Wichita State has sold its 550 NCAA tickets, but tickets are still available from other sources
03/12/2012 5:00 AM
08/05/2014 6:25 PM
Wichita State’s basketball team will have plenty of support when it begins the NCAA Tournament in Portland, Ore., on Thursday.
The school by Monday had sold out its NCAA allotment of 550 tickets, which included a guaranteed 350 tickets with an option for 200 more, said Darron Boatright, WSU senior associate athletic director.
Tickets for the game still are available though, through other sources.
Planes have been chartered to carry the school’s official team party and alumni to Portland. The team plane leaves today with 118 people aboard, including players, coaches, family members of coaches, school administrative personnel, the pep band, cheerleaders and dance team.
The WSU Alumni Association has filled a flight with 152 people at a cost of $900 a seat. The plane, which leaves Thursday morning, was almost completely booked before the NCAA brackets were announced on Sunday, but interest soared after the pairings were revealed, said Debbie Kennedy, alumni association president.
“Now, everybody wants on it,” she said. “That’s so sad because I can’t get them on.”
The phones rang in her office all day. WSU alumni organizations around the nation were calling about forming television watch parties for the games in their cities. Kennedy said her office is trying to send them “spirit boxes” containing Shocker pom-poms and Mardi Gras beads. The Final Four will be played in New Orleans.
She’s also contacting Shocker alumni in Portland to let them know the schedule of receptions and pep rallies, Kennedy said. She didn’t know how many Shocker alumni live in the area.
Tickets for the Shockers’ Thursday game with Virginia Commonwealth in the Rose Garden Arena were still available on Monday, according to the NCAA and Rose Garden websites.
An official with the arena’s box office said tickets would be available only online until Wednesday, when they will go on sale at the arena.
Tickets may be purchased on line at rosequarter.com. for the complete three-day session for $243 and $198, depending on seating location. Those tickets will stop being sold this morning at 10 a.m.
Tickets just to WSU’s session, which includes the Shockers’ game against Virginia Commonwealth and the Indiana-New Mexico State game to follow, will cost $86 and $66 either at the rosequarter.com or at the box office.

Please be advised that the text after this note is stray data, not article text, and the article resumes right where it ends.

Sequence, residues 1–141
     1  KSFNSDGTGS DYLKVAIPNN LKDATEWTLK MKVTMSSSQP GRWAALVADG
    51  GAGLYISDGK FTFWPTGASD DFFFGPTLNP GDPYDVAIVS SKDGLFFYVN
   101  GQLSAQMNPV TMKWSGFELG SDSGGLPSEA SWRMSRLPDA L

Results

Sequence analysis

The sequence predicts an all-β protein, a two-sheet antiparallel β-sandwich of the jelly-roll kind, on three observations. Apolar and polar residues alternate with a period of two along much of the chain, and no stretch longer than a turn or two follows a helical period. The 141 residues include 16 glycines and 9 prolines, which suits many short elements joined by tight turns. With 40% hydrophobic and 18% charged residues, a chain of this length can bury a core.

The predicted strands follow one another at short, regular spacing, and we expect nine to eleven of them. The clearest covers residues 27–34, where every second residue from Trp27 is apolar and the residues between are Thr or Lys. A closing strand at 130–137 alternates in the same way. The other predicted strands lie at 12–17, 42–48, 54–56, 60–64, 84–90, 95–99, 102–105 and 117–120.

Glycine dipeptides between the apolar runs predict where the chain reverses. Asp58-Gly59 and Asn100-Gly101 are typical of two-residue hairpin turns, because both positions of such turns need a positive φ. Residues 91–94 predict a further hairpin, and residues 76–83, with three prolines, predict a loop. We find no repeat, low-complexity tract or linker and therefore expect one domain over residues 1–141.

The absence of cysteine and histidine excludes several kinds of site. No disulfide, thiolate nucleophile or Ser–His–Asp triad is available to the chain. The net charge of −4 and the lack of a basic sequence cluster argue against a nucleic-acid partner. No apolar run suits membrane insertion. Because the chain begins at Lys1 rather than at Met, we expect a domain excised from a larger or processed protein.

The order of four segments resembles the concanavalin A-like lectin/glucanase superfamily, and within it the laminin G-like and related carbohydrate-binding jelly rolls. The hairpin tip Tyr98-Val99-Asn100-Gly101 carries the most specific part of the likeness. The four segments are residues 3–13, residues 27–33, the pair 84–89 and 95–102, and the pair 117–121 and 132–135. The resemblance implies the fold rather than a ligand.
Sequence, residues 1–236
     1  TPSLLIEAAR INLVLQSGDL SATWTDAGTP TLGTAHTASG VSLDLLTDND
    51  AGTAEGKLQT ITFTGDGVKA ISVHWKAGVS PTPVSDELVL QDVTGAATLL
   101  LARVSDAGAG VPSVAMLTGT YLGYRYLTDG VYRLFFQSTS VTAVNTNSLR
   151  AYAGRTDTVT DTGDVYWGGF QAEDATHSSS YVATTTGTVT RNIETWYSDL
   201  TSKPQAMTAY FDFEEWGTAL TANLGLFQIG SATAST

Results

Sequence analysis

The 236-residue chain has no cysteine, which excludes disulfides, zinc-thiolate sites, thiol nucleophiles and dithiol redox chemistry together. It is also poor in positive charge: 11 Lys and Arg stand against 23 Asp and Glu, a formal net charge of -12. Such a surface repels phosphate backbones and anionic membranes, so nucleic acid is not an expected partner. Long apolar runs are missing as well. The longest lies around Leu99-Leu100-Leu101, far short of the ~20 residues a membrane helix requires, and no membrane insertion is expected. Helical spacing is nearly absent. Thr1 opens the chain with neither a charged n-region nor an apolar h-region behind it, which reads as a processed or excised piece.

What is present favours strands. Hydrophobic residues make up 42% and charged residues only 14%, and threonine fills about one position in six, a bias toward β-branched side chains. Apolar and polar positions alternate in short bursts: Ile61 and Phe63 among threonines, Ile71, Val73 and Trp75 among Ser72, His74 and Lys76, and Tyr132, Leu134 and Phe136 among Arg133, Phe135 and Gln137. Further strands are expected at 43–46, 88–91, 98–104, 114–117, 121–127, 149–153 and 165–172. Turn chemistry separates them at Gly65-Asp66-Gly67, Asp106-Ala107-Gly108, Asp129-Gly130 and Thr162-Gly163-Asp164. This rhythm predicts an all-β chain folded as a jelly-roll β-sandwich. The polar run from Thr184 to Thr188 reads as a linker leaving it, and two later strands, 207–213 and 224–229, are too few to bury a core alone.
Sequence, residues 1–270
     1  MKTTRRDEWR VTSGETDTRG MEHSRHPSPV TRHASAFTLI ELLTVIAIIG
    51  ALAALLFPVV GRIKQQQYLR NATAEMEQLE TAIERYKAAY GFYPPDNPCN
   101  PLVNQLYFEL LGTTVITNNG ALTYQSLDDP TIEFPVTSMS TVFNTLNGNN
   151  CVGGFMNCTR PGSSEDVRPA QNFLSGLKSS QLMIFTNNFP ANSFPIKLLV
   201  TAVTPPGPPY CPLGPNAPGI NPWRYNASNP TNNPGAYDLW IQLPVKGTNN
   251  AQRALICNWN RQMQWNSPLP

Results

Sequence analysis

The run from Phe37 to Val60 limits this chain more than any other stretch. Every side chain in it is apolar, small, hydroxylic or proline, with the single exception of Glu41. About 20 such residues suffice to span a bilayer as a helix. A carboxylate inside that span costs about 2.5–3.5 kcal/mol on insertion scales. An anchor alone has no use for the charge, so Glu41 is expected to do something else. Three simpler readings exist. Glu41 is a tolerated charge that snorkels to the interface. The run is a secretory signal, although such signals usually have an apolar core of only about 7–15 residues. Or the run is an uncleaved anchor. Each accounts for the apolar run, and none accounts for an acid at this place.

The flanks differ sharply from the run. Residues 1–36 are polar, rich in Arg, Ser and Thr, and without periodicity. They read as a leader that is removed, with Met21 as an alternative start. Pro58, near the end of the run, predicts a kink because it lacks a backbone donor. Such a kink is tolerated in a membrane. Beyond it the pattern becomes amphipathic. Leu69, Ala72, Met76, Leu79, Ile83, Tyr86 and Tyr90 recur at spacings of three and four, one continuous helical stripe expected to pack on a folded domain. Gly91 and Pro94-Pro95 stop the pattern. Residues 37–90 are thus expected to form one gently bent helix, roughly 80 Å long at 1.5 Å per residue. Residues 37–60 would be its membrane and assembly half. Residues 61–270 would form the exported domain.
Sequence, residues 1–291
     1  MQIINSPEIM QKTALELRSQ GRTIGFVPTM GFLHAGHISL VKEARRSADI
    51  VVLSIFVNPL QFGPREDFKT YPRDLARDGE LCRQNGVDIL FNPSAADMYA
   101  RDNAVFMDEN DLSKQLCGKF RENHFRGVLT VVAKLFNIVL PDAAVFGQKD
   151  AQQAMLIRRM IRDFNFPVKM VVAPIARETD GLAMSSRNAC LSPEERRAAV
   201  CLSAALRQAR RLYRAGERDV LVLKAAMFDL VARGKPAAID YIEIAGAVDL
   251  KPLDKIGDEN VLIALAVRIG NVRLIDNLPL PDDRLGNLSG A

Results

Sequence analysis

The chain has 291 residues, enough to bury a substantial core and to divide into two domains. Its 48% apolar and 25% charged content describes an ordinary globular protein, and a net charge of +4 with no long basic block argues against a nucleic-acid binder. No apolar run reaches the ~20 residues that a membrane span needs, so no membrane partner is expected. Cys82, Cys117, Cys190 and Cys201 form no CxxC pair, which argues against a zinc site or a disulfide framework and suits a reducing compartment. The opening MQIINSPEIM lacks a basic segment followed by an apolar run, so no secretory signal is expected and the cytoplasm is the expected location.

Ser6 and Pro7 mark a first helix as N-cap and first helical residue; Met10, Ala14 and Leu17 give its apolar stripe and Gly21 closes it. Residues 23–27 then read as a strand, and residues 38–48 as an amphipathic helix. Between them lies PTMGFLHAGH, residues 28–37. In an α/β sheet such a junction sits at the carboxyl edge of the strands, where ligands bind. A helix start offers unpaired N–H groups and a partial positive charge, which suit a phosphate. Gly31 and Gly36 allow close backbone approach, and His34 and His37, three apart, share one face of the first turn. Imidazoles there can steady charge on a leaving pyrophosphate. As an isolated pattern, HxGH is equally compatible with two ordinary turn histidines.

With arena capacity at just under 20,000 seats, officials at rosequarter.com and the arena box office said seats should be available for all sessions. They wouldn’t say how many.
Meanwhile, tickets for Omaha, where the University of Kansas plays Detroit on Friday night, have been sold out for at least two weeks, said officials at the 17,260-seat CenturyLink Center.
Tickets are officially sold out for the first two rounds of the tournament at Pittsburgh’s Consol Energy Center, where Kansas State plays Southern Mississippi on Thursday. Tickets could become available only if some of the schools turn back their allotment, said Jason Varnish, box office manager of the 19,000-seat arena.
Schools have until 11 a.m. Central time Tuesday to turn in unsold tickets. But Varnish said he would wait until Wednesday to put them on sale.
K-State has sold its initial allotment of 350 tickets. KSU ticket manager Scott Garrett said he doesn’t expect the school to exercise its option to request 200 additional tickets.
“I don’t think we’ll need them,” Garrett said, adding that he has until the 11 a.m. deadline Tuesday to decide.
Devin Hansen, president of Sunflower Travel, which is helping with WSU travel arrangements, said flights to Portland from Wichita, and from all connecting hubs, are booked. He recommended Monday that people who want to get to the tournament fly from Wichita or Kansas City to Seattle, which is a three-hour drive from Portland.
Tickets for flights from Wichita directly to Portland were selling online for more than $1,000, but people were taking a risk booking them, he said.
“I caution people when an airline has no seats to sell and they’re selling you that at a high a price and you don’t have a seat assignment, that’s scary,” Hansen said.
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